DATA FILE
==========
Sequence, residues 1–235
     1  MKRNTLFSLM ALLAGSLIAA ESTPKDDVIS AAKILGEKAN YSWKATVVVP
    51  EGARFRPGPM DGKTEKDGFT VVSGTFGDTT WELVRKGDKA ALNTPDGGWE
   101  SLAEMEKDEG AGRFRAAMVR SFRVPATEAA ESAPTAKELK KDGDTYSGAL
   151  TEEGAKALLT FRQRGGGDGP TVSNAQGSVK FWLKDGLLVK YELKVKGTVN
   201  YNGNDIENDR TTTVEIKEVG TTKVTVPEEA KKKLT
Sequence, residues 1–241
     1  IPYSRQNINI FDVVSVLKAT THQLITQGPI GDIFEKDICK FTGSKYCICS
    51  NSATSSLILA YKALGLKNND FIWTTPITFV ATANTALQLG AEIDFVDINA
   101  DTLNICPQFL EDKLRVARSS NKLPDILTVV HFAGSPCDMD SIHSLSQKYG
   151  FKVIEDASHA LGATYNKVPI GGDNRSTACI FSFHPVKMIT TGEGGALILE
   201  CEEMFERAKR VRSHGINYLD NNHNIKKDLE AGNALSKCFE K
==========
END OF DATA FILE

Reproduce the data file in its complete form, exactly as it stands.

Sequence, residues 1–235
     1  MKRNTLFSLM ALLAGSLIAA ESTPKDDVIS AAKILGEKAN YSWKATVVVP
    51  EGARFRPGPM DGKTEKDGFT VVSGTFGDTT WELVRKGDKA ALNTPDGGWE
   101  SLAEMEKDEG AGRFRAAMVR SFRVPATEAA ESAPTAKELK KDGDTYSGAL
   151  TEEGAKALLT FRQRGGGDGP TVSNAQGSVK FWLKDGLLVK YELKVKGTVN
   201  YNGNDIENDR TTTVEIKEVG TTKVTVPEEA KKKLT
Sequence, residues 1–241
     1  IPYSRQNINI FDVVSVLKAT THQLITQGPI GDIFEKDICK FTGSKYCICS
    51  NSATSSLILA YKALGLKNND FIWTTPITFV ATANTALQLG AEIDFVDINA
   101  DTLNICPQFL EDKLRVARSS NKLPDILTVV HFAGSPCDMD SIHSLSQKYG
   151  FKVIEDASHA LGATYNKVPI GGDNRSTACI FSFHPVKMIT TGEGGALILE
   201  CEEMFERAKR VRSHGINYLD NNHNIKKDLE AGNALSKCFE K